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I’ve always been intimidated by the idea of water fasting. The idea of consuming nothing but water for three to five days at a time seems like a difficult ask for someone who lives an active lifestyle.
But I have friends who rave about how much more energized and clear-minded they feel after a fast. And some experts recommend water or other types of liquid fasts for giving your health a complete reboot.
So, is a water fast worth considering? Researchers at the University of Illinois Chicago had the same question…
The health impacts of water fasts
The researchers reviewed eight studies on water fasting to determine its benefits and risks. The studies covered both water fasting and Buchinger fasting, a medically supervised fast popular in Europe where people consume a very small amount of juice and soup each day of the fast.
This is what the UIC team found out:
- Water fasts can help you lose weight, at least in the short term. One study found participants on a five-day fast lost about 4 to 6 percent of their weight. Those who fasted for 7 to 10 days lost between 2 and 10 percent, and those who fasted for 15 to 20 days lost 7 to 10 percent.
- Much of the weight lost in a water fast is made up of muscle. Only one-third of the weight lost by participants was fat; the rest was all lean muscle mass. This is the opposite of what happens in most weight-loss efforts. The lack of protein consumed during a water fast is likely responsible for the loss of muscle mass.
- If you do lose weight on a water fast, you may gain it back. One study found that participants gained back all the weight they had lost in a five-day water fast within three months of the fast. In two other studies, only a small amount of the lost weight returned, but those participants were encouraged to continue to restrict their calories after the fasts ended.
- Water fasts have metabolic benefits, but only for as long as you’re on the fast. People who fasted saw improvements in their blood pressure, cholesterol and blood sugar levels. However, all these measurements returned to pre-fast levels once they started eating again.
- Water fasts don’t have any serious adverse effects. This applies to both straight water fasts and a similar kind of fasting program where people consume a very small number of calories a day. Even participants with type 1 and type 2 diabetes had no ill effects from the fasting, though they were closely monitored and had their insulin doses adjusted during the fast.
- Water fasts do have some mild side effects. These include headaches, insomnia and hunger.
Research lead Krista Varady, professor of kinesiology and nutrition at the University of Illinois Chicago and an expert on intermittent fasting, says she wanted to study water fasting because she was getting requests from journalists who wanted to know her thoughts on it.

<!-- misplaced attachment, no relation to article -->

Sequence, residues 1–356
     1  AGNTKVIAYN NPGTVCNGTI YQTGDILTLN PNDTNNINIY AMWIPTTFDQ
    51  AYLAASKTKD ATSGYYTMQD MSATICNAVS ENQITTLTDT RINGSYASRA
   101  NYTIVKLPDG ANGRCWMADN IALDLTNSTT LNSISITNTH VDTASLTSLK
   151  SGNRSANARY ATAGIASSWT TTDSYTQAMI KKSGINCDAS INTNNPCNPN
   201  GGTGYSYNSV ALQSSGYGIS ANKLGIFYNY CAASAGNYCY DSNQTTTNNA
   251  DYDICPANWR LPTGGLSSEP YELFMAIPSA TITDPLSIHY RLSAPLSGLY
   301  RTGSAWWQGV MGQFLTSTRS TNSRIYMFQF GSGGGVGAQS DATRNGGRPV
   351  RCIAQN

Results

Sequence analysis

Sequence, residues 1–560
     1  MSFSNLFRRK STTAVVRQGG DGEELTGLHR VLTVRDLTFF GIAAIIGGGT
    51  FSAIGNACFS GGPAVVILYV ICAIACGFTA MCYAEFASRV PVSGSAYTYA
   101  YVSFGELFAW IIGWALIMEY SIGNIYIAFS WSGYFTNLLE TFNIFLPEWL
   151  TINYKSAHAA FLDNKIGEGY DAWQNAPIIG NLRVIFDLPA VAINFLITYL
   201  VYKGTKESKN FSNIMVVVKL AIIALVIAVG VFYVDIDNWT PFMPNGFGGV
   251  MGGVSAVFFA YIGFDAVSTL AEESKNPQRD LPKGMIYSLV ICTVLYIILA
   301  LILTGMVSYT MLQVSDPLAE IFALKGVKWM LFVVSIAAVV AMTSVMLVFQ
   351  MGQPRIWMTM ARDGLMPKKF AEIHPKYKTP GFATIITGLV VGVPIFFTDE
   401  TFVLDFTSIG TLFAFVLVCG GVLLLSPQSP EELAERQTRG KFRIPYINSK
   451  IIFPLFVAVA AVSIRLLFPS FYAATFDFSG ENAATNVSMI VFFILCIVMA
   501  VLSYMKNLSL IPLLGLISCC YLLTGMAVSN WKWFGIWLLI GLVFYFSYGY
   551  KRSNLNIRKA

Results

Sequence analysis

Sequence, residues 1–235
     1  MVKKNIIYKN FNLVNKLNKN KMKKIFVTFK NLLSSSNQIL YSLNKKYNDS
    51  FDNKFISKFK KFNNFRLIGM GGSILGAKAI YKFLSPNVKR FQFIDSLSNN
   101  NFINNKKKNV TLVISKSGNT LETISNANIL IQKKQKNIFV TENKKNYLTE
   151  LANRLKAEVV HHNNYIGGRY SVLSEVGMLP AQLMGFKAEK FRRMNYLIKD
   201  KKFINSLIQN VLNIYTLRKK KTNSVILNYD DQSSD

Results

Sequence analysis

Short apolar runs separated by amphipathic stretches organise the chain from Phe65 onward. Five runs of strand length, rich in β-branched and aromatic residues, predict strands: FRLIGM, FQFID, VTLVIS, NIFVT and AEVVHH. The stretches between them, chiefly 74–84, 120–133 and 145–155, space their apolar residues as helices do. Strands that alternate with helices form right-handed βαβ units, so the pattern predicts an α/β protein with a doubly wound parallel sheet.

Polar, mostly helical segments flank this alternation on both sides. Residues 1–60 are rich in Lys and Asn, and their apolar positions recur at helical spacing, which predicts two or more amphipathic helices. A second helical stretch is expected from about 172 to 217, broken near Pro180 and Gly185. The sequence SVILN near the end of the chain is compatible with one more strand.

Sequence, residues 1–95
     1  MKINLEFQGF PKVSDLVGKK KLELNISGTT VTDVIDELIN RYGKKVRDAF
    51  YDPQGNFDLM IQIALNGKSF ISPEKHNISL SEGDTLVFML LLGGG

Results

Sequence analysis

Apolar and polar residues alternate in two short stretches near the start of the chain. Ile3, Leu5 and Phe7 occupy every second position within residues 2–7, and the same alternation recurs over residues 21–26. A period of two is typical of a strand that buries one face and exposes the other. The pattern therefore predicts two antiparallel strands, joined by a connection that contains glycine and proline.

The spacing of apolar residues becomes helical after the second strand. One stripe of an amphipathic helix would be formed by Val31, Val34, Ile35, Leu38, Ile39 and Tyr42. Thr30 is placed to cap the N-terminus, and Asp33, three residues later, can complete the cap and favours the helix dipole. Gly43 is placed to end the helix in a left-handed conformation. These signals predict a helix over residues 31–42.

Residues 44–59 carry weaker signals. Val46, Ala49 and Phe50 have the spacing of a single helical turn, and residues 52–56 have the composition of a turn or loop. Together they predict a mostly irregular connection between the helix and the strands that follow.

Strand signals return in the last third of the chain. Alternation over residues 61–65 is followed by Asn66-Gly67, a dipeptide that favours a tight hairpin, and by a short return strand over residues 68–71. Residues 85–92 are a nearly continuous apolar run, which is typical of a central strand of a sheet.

“My overall conclusion is that I guess you could try it, but it just seems like a lot of work, and all those metabolic benefits disappear,” Varady says, adding that no one should do a water fast for more than five days without medical supervision.
Intermittent fasting may be better
Rather than water fasting, Varady says she would encourage someone hoping to lose weight to try intermittent fasting instead. “There’s a lot more data to show it can help with weight management,” she says.
Intermittent fasting can be done a few ways. A popular method is to consume food only within a preset window of time and refrain from taking in any calories outside that window. For instance, you would only take in any calorie-containing food and drink over a set 8-hour period, then fast during the remaining 16 hours of the day.
This sort of eating schedule has been found to lower blood pressure, LDL (or “bad”) cholesterol and high blood sugar levels. It also can result in weight loss and reduced calorie intake.
Another intermittent fasting model is alternating days of normal calorie consumption with days of calorie restriction. For example, Monday, Wednesday and Friday you would eat less than 600 calories, while Tuesday, Thursday, and Saturday you would eat normally. Or you could do this pattern in a 5:2 configuration, meaning only two days a week of calorie restriction.
You can also combine water fasting with intermittent fasting by implementing a regimen where you take in nothing but water for one day and eat normally the next.
Remember that you should always check with your doctor before implementing any fasting program. And if you have low blood sugar or are pregnant or breastfeeding, you should avoid fasting completely.
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Water fasts can help you lose weight, but you might gain it back quickly — University of Illinois Chicago